Scotland’s social care support system is in crisis. It’s failing disabled people and carers and the way Scotland funds it is not working.
That’s Engender's view, along with coalition of 16 Scottish organisations, representing disabled people and older people, women, care providers and paid and unpaid carers and the voluntary sector, who are calling for urgent action by national and local government and policymakers. Others including academics, trade unions, politicians, local authorities, care providers and professionals also share their concerns on the future of social care funding.
The Shared Statement of Ambition report was launched by the Independent Living in Scotland project and 15 co-signatories, who believe a wholesale approach covering the entire system of funding social care is needed.
Scotland spends £2.9 million a year on social care support, yet many disabled people are still without essential support, beyond basic washing and dressing. What they need is support which allows them to work, study, contribute their communities and lead a normal life, while carers – both paid support workers and unpaid family members – and service providers are often struggling to cope, which impacts on the quality of care they can give.
The report’s authors say that the role of social care support and funding for it is fast diminishing as the population ages, disabled people live longer and public sector finance declines. They are calling on the Scottish Government to take a wholesale look at what social care support should achieve for society and to recognise it as an infrastructure investment in the social and economic well-being of Scotland. The report says that a national Commission is needed to look at the changes required to create a system that lives up to Scotland’s social justice and human rights ambitions and to identify suitable and sustainable funding, including the development of innovative new models of funding it.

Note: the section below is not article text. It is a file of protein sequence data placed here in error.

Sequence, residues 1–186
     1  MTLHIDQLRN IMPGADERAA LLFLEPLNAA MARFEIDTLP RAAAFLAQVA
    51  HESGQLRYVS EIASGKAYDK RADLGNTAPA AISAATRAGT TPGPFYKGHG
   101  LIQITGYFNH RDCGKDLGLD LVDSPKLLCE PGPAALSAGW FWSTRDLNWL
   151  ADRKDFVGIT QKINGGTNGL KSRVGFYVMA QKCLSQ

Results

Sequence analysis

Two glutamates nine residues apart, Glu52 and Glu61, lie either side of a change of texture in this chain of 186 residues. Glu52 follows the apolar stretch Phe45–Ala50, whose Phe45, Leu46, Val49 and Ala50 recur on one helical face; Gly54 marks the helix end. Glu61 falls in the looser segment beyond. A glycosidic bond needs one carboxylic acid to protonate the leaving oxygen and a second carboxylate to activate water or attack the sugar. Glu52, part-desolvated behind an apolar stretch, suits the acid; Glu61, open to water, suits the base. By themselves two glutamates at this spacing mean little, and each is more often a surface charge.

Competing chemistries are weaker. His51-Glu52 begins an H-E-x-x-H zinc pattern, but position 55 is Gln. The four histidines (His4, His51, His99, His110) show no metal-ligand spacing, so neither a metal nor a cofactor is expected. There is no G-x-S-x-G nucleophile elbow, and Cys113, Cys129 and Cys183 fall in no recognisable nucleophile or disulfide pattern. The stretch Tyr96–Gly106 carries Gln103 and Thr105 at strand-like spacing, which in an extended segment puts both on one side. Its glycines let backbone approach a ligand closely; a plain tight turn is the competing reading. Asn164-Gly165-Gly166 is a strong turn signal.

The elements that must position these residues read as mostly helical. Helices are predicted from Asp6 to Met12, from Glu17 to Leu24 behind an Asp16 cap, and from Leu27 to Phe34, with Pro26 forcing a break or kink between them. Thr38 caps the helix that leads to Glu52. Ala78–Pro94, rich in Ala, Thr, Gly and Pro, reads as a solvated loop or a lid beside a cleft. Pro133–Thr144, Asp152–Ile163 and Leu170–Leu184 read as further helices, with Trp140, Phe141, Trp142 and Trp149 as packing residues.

“Disabled people seek a life, not a service. This is about human rights.
Disabled people are paying the price, along with their family carers. Carers,
both paid and unpaid, are predominately women, so it’s also a gender issue.
“Underfunded social care support leads to isolation and deprivation for disabled people and prevents them from having dignity and choice and control over their own lives and participating in the civic and social life of society as full and equal citizens. Good social care support is also key to the success of the current integration of health and social care services in Scotland, otherwise there will be even more delayed discharges from hospital and repeat admissions, which is damaging both socially and economically.
“The system is broken: there is simply not enough money. This needs to be addressed if we want to achieve the new government’s commitment to a truly inclusive and prosperous Scotland, to create jobs and economic growth, improve health and well-being, create resilient communities and tackle inequality. Our ambition is for sustained public investment in the development of a modern, nationwide infrastructure of social care support that is fit for purpose, equitable yet flexible, and which will protect, promote and ensure human rights.”
"We're proud to support the Shared Statement of Ambition, and congratulate the Independent Living in Scotland project for their vital work on this topic. Scotland is in desperate need of social care system with people at its heart. The majority of carers, both paid and unpaid, are women, so it is also vital for women's equality that the Scottish government takes urgent action on this issue.
"During the Holyrood elections we called for an independent review of the social care system, along with the realisation of the existing rights of carers and those they care for through the establishment of an independent social care tribunal system. We are pleased to continue and add to this call."
Social security – including disability and carers’ benefits – is now devolved to the Scottish Government. This provides Scotland with a golden opportunity to develop a national system of genuinely joined up, person-led financial and practical support. But they also warn the new devolved budget should not lead to a “benefits gold rush” used to plug gaps in social care support funding and that the ongoing integration of health and social care support must not lead to basic support that is limited to “healthcare in the community”, at the expense of disabled people’s independent living.
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